Tuning the engine: four trends driving the future of lab informatics

Tuning the engine: four trends driving the future of lab informatics

Lab technology has gradually become the grease to the wheels of R&D teams. Next generation tools will be essential in dealing with the R&D challenges of tomorrow.

A number of leading thinkers at our recent Connect conference shared their thoughts on the subject, including Atrium Research and Consulting CEO Michael Elliott. We’ve picked out some of the key trends below that are shaping the future of the informatics superhighway.

A new end user?

The demographics of informatics users are shifting. Recent Battelle research suggests that marginal economic growth is likely to keep a lid on R&D spend growth in the US and Europe. Asia will soon overtake them in this respect.

This swing alone could trigger a series of changes for informatics products, pricing and deployment models. When Asia’s PHD-rich population becomes the biggest user base of informatics, the question will no longer be “how can we do more with less resources?” The question will be: “how can we do more with more resources?” This will push the boundaries when it comes to the needs and expectations of informatics users.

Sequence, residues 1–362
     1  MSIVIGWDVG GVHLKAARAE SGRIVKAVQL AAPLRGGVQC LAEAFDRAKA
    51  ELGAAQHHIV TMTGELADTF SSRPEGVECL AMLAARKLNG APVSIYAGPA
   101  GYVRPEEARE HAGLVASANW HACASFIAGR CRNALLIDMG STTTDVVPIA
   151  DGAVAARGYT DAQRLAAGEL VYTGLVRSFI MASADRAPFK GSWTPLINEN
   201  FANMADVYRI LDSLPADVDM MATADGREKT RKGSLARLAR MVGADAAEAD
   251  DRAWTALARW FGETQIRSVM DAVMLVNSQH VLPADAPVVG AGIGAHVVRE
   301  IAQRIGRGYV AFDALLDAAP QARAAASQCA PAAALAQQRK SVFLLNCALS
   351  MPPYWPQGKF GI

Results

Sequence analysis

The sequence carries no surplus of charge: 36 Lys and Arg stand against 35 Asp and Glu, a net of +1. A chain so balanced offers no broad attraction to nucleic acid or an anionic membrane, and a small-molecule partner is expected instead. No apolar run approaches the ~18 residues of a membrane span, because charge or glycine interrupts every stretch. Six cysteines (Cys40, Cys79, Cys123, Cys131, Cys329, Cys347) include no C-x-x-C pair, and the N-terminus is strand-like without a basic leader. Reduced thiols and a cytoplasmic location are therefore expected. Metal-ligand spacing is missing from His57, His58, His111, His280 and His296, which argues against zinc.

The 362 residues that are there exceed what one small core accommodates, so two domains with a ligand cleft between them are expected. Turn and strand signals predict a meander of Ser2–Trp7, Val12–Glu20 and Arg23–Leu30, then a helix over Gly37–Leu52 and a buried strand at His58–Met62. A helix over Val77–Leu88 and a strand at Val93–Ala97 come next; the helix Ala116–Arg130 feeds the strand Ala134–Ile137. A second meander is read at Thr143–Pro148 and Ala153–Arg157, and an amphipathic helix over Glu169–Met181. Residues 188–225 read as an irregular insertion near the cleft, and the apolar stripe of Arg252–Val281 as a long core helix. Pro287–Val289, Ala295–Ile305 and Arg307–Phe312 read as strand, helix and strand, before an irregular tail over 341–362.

Costs up, spend down

The impact of this R&D spend plateau is magnified by rising costs. Research shows the cost of developing a new drug rocketed from £125 million in the 1970s to £1.2 billion in the 2000s. Equally significantly, R&D productivity is declining rapidly in areas such as clinical development. This confluence of challenges makes it increasingly important to hone in and improve every stage of the R&D value chain.

New drivers in a new landscape

Key drivers behind lab informatics have historically included risk avoidance, improving productivity and managing complex processes. The drivers for tomorrow’s users will be simplicity, agility, fostering innovation and managing knowledge. Lab informatics will evolve to serve this changing focus from boosting efficiency to creating tangible value.


Externalization is also a pressing issue. Driven by cost pressures, externalization is growing 10% a year. Working with more external partners means a more complex set of data types and that places an even greater burden on lab informatics. This shifting emphasis from internal capabilities to externalization, and the associated hurdles, will drive a growing need for inter-lab informatics to support a complex network of partners and IP producers.

As these trends converge and the drivers for adoption change, companies behind the technology will need to be agile and ready to adapt. With the digitally-native ready to get behind the wheel, the role of lab informatics in enabling R&D will only continue to grow stronger.